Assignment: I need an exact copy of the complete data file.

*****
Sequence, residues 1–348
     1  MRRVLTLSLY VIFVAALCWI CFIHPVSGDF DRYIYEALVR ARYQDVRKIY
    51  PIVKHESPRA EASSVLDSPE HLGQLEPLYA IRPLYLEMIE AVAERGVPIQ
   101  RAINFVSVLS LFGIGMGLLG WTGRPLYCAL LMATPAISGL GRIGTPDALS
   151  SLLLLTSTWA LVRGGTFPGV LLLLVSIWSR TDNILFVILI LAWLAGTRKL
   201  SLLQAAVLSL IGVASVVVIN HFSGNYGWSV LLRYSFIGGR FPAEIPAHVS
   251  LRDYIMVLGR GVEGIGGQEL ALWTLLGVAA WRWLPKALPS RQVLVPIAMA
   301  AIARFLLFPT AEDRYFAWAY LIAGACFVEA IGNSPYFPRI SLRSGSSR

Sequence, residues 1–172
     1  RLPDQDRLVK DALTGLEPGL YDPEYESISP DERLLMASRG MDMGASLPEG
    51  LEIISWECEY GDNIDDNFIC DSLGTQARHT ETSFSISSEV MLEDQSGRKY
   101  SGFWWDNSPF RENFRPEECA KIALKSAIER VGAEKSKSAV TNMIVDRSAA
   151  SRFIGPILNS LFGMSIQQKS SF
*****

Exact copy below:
Sequence, residues 1–348
     1  MRRVLTLSLY VIFVAALCWI CFIHPVSGDF DRYIYEALVR ARYQDVRKIY
    51  PIVKHESPRA EASSVLDSPE HLGQLEPLYA IRPLYLEMIE AVAERGVPIQ
   101  RAINFVSVLS LFGIGMGLLG WTGRPLYCAL LMATPAISGL GRIGTPDALS
   151  SLLLLTSTWA LVRGGTFPGV LLLLVSIWSR TDNILFVILI LAWLAGTRKL
   201  SLLQAAVLSL IGVASVVVIN HFSGNYGWSV LLRYSFIGGR FPAEIPAHVS
   251  LRDYIMVLGR GVEGIGGQEL ALWTLLGVAA WRWLPKALPS RQVLVPIAMA
   301  AIARFLLFPT AEDRYFAWAY LIAGACFVEA IGNSPYFPRI SLRSGSSR

Sequence, residues 1–172
     1  RLPDQDRLVK DALTGLEPGL YDPEYESISP DERLLMASRG MDMGASLPEG
    51  LEIISWECEY GDNIDDNFIC DSLGTQARHT ETSFSISSEV MLEDQSGRKY
   101  SGFWWDNSPF RENFRPEECA KIALKSAIER VGAEKSKSAV TNMIVDRSAA
   151  SRFIGPILNS LFGMSIQQKS SF